In the course of his official duties, Harry stayed at the Fountain Inn where he noticed the pretty, barefoot maid, and gave her money so she could buy shoes. On his next visit, Harry saw Agnes wasn’t wearing shoes and asked what she did with the money. Agnes claimed she bought shoes, but saved them to wear to church on Sundays.
It seems Harry was interested in more than Agnes’s feet. There is some evidence that she became pregnant and had a son who was named Henry Cromwell [Harry’s family name]. Other stories agree Harry had a son, but say the boy was from a previous relationship, and still other stories say the boy was his sister’s son. All we know for sure is that there was a boy named Henry Cromwell who was related to Harry.
Agnes was completely illiterate and untrained in social graces. In a spirit of generosity, Harry contacted Agnes’s parents and offered to take the girl to Boston as his ward. Harry promised he would educate Agnes, and boarded her with a family while she attended Peter Pelham’s School. After Agnes finished her education, she became Harry’s mistress. Boston society did not approve, especially after Harry came into his title in 1746.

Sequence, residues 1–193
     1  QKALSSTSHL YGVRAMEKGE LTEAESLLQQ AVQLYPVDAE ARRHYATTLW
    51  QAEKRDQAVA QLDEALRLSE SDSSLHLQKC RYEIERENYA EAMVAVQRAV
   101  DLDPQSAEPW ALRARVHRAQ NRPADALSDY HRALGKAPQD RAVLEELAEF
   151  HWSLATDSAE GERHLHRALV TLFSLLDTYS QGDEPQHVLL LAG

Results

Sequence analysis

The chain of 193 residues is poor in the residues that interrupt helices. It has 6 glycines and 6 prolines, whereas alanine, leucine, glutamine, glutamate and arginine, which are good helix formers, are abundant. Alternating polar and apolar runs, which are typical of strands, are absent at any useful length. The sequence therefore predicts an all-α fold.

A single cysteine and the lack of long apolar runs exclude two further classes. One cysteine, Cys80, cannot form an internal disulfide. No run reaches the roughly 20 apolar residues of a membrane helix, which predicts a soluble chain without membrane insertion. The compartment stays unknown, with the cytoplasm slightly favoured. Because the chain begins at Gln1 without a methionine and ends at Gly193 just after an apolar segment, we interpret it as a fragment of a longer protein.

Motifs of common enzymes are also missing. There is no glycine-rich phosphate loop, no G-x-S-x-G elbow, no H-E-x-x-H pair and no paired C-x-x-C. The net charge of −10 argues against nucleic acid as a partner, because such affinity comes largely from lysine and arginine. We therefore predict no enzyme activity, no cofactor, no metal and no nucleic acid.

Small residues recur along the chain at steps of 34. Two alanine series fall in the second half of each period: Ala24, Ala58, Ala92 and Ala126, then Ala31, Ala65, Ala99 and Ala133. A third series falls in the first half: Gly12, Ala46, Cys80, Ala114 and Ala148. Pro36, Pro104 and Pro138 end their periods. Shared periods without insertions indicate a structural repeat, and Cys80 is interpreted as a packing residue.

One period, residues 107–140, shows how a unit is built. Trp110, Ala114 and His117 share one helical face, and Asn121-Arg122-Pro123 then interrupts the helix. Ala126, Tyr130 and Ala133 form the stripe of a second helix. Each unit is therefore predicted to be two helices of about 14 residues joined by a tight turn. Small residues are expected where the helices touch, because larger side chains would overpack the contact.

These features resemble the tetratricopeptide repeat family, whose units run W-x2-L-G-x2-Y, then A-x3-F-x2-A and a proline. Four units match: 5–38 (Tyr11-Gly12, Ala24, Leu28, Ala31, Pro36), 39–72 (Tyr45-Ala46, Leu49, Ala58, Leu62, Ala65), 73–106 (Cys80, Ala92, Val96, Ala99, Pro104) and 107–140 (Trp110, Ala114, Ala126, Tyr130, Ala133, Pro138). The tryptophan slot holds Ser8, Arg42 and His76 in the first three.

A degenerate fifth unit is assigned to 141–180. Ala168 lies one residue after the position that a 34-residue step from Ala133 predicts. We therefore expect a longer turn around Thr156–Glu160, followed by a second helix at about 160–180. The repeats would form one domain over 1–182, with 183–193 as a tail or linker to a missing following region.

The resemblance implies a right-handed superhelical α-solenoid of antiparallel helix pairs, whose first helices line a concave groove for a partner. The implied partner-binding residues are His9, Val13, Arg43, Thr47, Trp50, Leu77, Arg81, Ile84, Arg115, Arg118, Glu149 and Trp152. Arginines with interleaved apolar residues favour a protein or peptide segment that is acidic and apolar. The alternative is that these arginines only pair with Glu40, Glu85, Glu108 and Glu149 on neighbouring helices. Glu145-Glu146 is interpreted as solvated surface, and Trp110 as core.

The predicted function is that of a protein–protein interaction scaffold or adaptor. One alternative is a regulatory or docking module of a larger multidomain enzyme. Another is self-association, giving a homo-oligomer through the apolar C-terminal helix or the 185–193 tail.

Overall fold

To avoid further social embarrassment, Harry decided the best thing to do was purchase about 400 acres of land in Hopkinton, a town 30 miles away from Boston. Here he built a manor house and a plantation employing 12 enslaved people. The unconventional couple cultivated orchards and organized musical evenings and other entertainments.
When Harry’s uncle died, elevating Harry to the title Baronet of Thirkleby, there were problems with the will. The late baronet’s widow produced a document leaving the entire estate to her. Harry and Agnes went to England to settle legal matters, but lost the contested property. The couple then embarked on a tour of Europe.